Kayaking down the Savannah

On Monday, my dear friend Lindsay Durrant took me on a kayaking trip. One that had been rescheduled two other times due to sickness or the kayak shop keeper not showing up. It actually worked out for the best. Andy took the kids to and from preschool so we weren’t rushed, while the other days I would’ve had to get out of there quick to get back to the school to pick up the girls and Harvey. We took our sweet time. We rowed six miles and it took us about three hours. We saw three raccoons, a deer, an owl, a hawk, a falcon, egrets and herons, a beaver, and more turtles than I could count. The turtles would stick their back leg out as we got closer and if we got too close some would slip into the water and we could see them swimming along side our kayak. The brave ones would keep their foot down and remain on the log, keeping a close eye on us as we slowly rowed by. I was thrilled to see the darling raccoons washing their faces in the water, the beaver diving under its den, and the owl wading in the water, hoping to catch some breakfast. I can’t wait to get back out there. I want to take my paint brushes and do some plein air painting on the kayak. It was even better to share that adventure with a best friend. I can’t wait to go with Andy too.

At first, Lindsay and I mentioned that we didn’t think it was much of a workout. She even stopped recording her exercise on her watch on her watch because she didn’t think she was getting much of a workout, but I kept mine going. By the end our shoulders, hands, arms, and backs were sore and tired. I looked at my watch and I had burned over 1000 active calories and had nearly 7000 “steps.” My shoulders and hands hurt the next day, but by the third day I had recovered. This made me think about the gospel. Often times we think the little efforts we make each day of serving others and checking in with God don’t make much of a difference, but just like those little strokes on the kayak, they pushed me forward and built my physical strength, and then before I knew it we had returned home and were stronger and happier. Living the gospel does both of those things for me. It builds my emotional and spiritual strength and brings me peace and joy. There were times I was rowing that I didn’t want to keep rowing, but then I started spinning in a circle or veering off towards the weeds and not staying on course. I had to row harder to fix myself and get back on track. The gospel works like that too. Sometimes we might feel overwhelmed or burdened by what is asked of us. It is ok to do slower or less frequent strokes, but we need to keep rowing or we will get off track. But even when we get off track, it is possible to fix our course.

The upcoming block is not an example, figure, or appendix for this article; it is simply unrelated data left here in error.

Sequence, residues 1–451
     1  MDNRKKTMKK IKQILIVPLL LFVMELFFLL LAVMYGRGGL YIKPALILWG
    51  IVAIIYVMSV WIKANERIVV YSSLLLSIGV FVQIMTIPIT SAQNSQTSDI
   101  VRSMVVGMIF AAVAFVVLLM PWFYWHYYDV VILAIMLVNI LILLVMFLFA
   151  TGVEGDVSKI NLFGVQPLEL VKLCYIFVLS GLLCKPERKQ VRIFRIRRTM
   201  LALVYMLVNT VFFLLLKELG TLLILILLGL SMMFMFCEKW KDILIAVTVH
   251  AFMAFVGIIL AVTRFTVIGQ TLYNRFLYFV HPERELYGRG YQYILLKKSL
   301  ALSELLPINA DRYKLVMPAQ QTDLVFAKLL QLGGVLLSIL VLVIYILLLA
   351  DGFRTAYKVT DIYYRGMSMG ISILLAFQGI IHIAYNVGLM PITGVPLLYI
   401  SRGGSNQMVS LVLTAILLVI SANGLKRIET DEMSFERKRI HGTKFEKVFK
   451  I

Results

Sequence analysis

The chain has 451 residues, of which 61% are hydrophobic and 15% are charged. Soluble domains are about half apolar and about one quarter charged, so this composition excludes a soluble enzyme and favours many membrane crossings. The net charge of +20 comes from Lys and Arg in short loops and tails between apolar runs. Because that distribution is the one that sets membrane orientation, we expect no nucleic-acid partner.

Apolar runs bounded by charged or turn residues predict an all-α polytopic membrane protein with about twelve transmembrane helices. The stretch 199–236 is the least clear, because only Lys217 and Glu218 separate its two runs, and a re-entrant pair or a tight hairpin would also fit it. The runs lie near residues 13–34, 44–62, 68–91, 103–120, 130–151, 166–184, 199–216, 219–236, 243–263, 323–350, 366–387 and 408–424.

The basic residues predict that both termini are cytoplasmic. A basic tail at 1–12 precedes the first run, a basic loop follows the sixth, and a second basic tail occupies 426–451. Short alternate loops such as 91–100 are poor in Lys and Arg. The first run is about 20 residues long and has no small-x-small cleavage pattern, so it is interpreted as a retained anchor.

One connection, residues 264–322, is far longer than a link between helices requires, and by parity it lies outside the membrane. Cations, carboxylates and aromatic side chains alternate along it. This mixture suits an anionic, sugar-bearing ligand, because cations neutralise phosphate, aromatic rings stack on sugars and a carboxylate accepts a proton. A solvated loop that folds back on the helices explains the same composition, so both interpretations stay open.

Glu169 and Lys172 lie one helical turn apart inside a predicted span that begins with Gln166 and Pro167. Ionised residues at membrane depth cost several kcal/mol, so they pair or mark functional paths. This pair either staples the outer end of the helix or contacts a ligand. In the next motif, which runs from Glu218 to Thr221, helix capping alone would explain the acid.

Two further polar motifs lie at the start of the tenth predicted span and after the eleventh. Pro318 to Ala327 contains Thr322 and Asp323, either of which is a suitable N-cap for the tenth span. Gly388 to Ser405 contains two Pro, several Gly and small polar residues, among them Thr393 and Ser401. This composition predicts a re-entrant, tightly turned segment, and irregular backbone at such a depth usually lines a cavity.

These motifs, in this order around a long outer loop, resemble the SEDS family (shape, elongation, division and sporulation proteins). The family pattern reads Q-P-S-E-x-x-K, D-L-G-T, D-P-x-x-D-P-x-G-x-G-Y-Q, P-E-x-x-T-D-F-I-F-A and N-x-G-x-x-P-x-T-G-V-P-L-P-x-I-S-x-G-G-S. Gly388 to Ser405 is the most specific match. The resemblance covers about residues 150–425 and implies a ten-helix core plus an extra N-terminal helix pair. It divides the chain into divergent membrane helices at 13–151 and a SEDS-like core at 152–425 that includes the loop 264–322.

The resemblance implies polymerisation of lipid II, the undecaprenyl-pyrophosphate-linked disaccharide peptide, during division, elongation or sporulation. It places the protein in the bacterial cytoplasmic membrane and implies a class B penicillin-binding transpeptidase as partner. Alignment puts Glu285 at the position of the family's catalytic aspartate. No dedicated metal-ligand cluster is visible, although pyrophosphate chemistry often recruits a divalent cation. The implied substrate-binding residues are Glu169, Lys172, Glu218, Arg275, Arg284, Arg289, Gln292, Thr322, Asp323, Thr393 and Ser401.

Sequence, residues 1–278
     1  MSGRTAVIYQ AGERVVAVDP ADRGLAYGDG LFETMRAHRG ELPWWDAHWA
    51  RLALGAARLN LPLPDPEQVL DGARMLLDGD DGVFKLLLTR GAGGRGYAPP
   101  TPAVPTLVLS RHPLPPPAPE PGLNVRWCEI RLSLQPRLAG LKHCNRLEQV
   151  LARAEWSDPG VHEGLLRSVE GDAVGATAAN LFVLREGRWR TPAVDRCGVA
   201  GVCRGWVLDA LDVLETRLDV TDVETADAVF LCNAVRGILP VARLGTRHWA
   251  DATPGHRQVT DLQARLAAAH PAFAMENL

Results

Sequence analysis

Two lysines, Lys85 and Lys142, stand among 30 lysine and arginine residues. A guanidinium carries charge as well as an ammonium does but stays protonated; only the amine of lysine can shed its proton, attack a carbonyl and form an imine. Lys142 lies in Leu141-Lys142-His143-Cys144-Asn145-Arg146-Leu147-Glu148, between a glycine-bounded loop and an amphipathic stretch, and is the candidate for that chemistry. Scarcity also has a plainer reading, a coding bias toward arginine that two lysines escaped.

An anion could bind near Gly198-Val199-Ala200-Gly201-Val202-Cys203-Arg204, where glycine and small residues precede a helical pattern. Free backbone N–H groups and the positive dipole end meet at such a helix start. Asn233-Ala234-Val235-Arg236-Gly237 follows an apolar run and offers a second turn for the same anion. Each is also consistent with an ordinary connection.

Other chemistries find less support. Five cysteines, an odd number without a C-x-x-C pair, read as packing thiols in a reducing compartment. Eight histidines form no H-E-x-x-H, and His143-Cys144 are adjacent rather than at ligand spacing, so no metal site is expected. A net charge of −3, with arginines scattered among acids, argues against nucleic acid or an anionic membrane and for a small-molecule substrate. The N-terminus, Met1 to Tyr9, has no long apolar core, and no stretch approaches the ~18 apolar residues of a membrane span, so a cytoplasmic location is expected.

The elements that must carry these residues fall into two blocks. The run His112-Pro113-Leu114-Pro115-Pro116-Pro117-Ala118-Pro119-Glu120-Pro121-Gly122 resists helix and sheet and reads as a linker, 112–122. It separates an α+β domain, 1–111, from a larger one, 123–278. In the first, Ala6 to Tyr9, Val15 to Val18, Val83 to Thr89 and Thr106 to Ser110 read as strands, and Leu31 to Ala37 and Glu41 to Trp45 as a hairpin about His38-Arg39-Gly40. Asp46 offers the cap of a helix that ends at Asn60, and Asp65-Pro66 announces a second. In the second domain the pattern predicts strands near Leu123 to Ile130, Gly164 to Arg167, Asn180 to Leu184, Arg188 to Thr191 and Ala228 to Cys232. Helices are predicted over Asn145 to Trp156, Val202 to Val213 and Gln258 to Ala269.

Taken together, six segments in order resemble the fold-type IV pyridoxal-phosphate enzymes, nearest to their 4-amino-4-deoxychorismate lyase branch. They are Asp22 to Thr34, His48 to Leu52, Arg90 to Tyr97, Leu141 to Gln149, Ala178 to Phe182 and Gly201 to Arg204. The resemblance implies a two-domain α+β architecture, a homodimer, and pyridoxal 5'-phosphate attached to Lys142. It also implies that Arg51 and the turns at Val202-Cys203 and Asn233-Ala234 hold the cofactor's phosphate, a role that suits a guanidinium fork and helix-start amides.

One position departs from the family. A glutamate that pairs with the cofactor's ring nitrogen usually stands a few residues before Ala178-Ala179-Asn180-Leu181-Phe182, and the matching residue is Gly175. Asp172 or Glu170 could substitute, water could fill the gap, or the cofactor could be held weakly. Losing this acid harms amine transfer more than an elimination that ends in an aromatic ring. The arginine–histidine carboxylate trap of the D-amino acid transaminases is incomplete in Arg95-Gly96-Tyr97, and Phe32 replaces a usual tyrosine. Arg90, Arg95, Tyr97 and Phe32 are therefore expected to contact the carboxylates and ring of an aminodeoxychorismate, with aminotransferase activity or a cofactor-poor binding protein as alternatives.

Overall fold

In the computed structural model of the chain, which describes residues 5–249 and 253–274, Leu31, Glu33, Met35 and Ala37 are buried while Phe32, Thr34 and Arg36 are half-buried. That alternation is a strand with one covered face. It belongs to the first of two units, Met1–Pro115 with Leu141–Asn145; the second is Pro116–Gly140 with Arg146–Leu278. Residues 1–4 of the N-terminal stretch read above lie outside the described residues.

Today at church a new brother spoke in our ward and quoted Brad Wilcox. He said, “Christ doesn’t make up the difference, he is the difference.” I put a lot of emphasis in what WE have to do to stay connected to Christ, but ultimately it is Christ that is filling in the endless gap between him and I. He is who empowers me to keep rowing. He is the one who provided the spiritual kayak and the ores, and even the muscles I use to row. So in times when you feel like you’re just “coasting” or maybe even stopped, remember, Christ can help you pick up those ores and keep on going. He can take you further in the gospel and in your life than you ever thought possible. I can’t wait for this weekend where we get to sit down and listen to the prophet and apostles for ten hours. It’s a spiritual marathon. I’m always exhausted by the end, so it may be, if you will, like a spiritual white water kayaking experience, the only difference is I just have to sit there and listen, the Savior, the Prophet and apostles, and the spirit are doing the work.

With sick kids and sports every night the week was busy and stressful, but we made it! And we got a lot done too. I’m really enjoying having Andy around more. Tonight he gets to go do his first attending shift at AU- where he did his residency.

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